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What You Need for an AGM to Lithium Upgrade

Photo by photoschmidt via iStock

If you follow my writings here on 4WDTalk, you might know that I recently upgraded the batteries in my Turtleback Expedition Trailer from AGM to lithium.

In that article, which you can read here, I explain the differences between AGM and lithium batteries from the standpoints of performance, durability, price and so forth.

There are a lot of considerations to make when upgrading your batteries beyond the factors I just listed. In today’s article, we’ll go over some of these additional factors for an AGM to lithium upgrade.

AGM to Lithium Upgrade: Understand the Charge/Discharge Rate

DC Volts indicator battery monitor

Photo by MXW Stock via iStock

As I discuss in my other article, lithium batteries have a much better depth of discharge (DoD) than AGM batteries. It works out to about 50 percent for AGMs and 80-90 percent for lithium batteries.

Apart from that, you also need to think about how fast you would drain the batteries.

So, for example, if you have a 100Ah battery and a 10 amp load, the battery would be drained in 10 hours. This is what is known as a C/10 rate. If you have the same 100Ah battery but a 50 amp load, the battery will last two hours. This is a C/2 rate. Typically, batteries are rated for their C/20 rate, or the load that would result in a 20 hour battery life.

Naturally, if you’re running a high load (or if you charge your batteries with high current) you need to think about the batteries’ charge and discharge rates.

So, for example, if you need a higher rate than what the batteries can accommodate, you would need to add additional batteries in parallel. In AGM batteries, charging them too slowly can cause premature sulphation, which drastically shortens their lifespans. This, however, is not a problem with lithium batteries.

Upgrade AGM to lithium battery

Where most AGM batteries do their best at a rate of C/8 to C/12, some lithium batteries can go all the way to C/1 or even higher, provided the period of use is short. In other words, a 100Ah lithium battery (like mine, shown above) could handle currents over 100A if need be.

Of course, running that much power will not get you the best battery life. Instead, battery manufacturers usually recommend working at a C/2 rate or less to ensure longevity of the lithium battery.

Learn More:

Voltage Sag is a Thing of the Past With Lithium Batteries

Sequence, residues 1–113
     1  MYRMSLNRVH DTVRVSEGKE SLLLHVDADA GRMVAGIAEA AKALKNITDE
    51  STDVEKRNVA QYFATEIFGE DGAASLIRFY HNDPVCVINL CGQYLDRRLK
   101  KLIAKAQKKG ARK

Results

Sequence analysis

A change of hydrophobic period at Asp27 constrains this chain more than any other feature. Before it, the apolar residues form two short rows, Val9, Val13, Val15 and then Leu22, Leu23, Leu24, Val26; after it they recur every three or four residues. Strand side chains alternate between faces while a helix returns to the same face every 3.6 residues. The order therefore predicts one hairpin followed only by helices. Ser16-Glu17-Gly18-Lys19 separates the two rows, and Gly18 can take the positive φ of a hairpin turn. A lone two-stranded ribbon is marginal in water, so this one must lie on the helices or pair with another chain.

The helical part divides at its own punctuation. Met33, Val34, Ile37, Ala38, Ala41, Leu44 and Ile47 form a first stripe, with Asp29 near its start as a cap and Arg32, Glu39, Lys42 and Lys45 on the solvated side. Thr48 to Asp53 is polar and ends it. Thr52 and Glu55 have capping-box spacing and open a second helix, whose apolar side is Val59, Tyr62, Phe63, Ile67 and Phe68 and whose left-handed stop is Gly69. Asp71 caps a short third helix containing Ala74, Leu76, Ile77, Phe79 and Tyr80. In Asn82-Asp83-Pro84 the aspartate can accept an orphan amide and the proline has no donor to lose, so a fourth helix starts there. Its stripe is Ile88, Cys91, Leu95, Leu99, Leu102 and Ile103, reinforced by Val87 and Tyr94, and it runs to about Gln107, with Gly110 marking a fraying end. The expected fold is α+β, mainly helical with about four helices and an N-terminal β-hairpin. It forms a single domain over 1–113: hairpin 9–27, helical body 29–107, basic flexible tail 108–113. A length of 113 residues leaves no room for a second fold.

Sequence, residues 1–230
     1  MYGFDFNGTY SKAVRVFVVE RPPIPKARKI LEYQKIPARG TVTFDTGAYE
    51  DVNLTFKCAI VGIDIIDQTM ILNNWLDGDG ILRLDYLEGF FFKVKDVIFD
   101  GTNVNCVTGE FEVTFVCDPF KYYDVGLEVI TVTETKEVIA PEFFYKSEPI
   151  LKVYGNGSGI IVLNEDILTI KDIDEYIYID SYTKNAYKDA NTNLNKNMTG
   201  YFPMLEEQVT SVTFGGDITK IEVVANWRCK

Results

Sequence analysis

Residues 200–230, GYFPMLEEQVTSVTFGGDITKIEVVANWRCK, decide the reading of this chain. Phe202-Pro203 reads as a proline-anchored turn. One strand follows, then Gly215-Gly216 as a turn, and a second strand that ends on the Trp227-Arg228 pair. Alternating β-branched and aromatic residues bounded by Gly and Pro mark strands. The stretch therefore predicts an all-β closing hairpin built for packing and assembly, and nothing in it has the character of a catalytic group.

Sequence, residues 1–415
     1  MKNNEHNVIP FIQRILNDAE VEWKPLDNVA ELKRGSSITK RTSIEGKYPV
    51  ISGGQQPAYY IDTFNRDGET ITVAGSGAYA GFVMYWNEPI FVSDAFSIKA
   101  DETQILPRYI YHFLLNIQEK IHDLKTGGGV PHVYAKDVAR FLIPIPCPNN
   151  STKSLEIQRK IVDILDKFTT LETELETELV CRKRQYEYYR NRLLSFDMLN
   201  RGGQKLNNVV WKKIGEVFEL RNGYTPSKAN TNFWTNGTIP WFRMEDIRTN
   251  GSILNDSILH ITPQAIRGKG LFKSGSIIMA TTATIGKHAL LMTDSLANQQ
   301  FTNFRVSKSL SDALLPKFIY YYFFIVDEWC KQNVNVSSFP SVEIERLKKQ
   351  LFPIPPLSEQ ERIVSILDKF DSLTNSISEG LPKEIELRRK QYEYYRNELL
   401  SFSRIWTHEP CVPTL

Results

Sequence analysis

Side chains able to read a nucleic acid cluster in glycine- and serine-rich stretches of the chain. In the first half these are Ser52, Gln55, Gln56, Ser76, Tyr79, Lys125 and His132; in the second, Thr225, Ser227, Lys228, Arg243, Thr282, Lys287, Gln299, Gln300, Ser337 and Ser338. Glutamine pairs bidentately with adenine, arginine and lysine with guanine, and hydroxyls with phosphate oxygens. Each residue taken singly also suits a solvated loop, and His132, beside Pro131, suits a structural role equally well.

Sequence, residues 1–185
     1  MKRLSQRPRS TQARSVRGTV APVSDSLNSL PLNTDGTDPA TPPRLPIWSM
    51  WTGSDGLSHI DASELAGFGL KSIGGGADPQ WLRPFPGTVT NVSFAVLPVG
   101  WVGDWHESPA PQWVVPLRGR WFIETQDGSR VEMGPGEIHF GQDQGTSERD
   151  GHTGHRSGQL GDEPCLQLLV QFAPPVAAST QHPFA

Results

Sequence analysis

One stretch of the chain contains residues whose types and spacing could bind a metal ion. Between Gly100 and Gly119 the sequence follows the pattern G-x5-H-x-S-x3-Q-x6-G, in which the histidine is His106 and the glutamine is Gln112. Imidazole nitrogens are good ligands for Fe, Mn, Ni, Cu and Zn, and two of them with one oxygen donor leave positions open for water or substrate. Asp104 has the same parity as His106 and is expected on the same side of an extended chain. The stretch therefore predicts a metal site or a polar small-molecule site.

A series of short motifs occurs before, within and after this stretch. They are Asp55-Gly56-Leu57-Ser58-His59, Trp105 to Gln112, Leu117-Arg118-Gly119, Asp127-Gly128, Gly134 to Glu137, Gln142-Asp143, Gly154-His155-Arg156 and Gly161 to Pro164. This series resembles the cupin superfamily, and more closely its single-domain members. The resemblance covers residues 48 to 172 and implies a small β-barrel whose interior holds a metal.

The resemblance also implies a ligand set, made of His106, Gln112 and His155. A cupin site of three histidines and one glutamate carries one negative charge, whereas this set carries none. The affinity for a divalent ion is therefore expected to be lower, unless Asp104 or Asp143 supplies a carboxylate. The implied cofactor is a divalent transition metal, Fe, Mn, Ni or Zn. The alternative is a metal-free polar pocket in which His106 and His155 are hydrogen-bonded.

Muddy electric wench

Photo by KaninRoman via iStock

When you’re running thirsty accessories like your winch off of your AGM batteries, you might notice what’s called voltage sag. This is exactly what you think it would be – the voltage drops from 12V to 11V or less.

If you’re running an inverter, a heavy load could mean that the voltage drops below the inverter’s cutoff, which results in the inverter shutting down. Additionally, if you need to run a heavy DC load, you need the batteries to maintain a high voltage to carry the load.

But since lithium batteries can handle high currents, you don’t have to worry about voltage sag. Run your winch or the air conditioner in your trailer all you want – the voltage will not significantly drop with lithium batteries.

Get a Battery Management System for Your AGM to Lithium Upgrade

AGM to lithium battery management system

One of the best things you can do to update your battery system (aside from the AGM to lithium upgrade itself) is to invest in a battery management system.

These systems, like the Manager30 from REDARC shown above, are designed to charge and maintain your batteries, making them the ideal solution for your overlanding rig.

This battery management system works with lithium batteries, lead acid, gel, AGM, calcium, or lithium iron phosphate batteries while incorporating solar inputs, AC, and DC as well. See the Manager30 in action in the video below:

By ensuring that your batteries are always fully charged, a system like this gives you the peace of mind you need as you head out on long overlanding trips. It charges auxiliary batteries from your vehicle’s alternator as you drive and serves as a 110 volt AC shore mains power charger as well.

In addition, this thing is a battery isolator, an MPPT solar regulator, a load disconnect controller, and it has a remote battery monitor.

In other words, the Manager30 is a six-in-one operation that takes the worry out of your power system by charging and maintaining your batteries for you. If you want to get the most out of your batteries, I highly recommend getting one of these bad boys!

So, are you ready to make an AGM to lithium upgrade? I have, and I can’t wait to get out and test out my new batteries and my Manager30!

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